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May 30, 2018

What’s the Deal on “Vanity Galleries”?

Author
Suji Kanneganti

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Known as “Play to [dis]Play”, the Vanity Gallery model has been around since the 80s, when the idea of exhibiting in New York meant success.  As you could imagine, this idea introduced a profitable niche where galleries charge artists nominal fees for representation. It makes sense, in theory: you’re a new artist, not much to your name, and so you pay someone to spend their time and energy advertising your art.
So, is it worth it?
Most likely…no.  Here’s why:
Any organization whose business model is focused on the artist paying upfront fees, as opposed to selling their art to collectors, should be avoided.  These galleries exploit naive artists who do not understand how commercial galleries are run and know they will bite any opportunity to show.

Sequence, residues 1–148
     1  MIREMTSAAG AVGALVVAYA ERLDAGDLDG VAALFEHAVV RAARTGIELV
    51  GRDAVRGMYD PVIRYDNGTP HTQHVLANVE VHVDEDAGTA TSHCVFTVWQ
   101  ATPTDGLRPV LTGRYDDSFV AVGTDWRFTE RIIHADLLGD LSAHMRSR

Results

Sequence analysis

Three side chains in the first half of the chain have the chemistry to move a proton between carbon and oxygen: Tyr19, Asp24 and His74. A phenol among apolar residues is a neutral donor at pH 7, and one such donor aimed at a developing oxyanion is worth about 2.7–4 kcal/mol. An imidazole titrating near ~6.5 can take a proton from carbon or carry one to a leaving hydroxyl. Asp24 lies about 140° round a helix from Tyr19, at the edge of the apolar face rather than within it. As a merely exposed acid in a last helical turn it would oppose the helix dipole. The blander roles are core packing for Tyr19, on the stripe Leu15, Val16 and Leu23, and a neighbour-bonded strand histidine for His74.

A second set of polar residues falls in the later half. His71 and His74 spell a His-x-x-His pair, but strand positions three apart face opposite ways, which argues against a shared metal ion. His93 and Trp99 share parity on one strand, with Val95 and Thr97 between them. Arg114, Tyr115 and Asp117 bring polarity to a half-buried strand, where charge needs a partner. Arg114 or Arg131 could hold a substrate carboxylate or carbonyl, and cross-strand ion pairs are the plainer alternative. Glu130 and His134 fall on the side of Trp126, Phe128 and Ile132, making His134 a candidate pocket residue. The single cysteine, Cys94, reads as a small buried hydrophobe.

However, don’t confuse these with legitimate spaces, including non-profit co-operatives and artist-run galleries, that may charge artists small fees. The fact of the matter is, it costs money to put together exhibitions, and thus charging artists fees to show are not uncommon.  Co-operatives work with its artists and may split the burden of overhead equally, charging not-for-profit.  Some commercial galleries, especially ones that have high reputations, may charge rental fees depending on your relationship with the gallery and its business model.
If a gallery approaches you, asking for money to show, research the following:
  • Who else is showing with this gallery?  Can you contact them?  Ask if their investment was worth it.
  • What is the gallery’s focus (if there is one)?
  • What are you paying for?  What does the gallery pay for?  Think about space overhead, brochures, marketing, etc.
  • What is the traffic like on their website/social media?
  • Does the approaching gallery rep show awareness of your art? Did they thoroughly browse it before contacting you?
After some scoping out, you should be able to get a sense of their legitimacy and make an informed decision.  In every case, always be wary, read the fine print, and ask a lot of questions.

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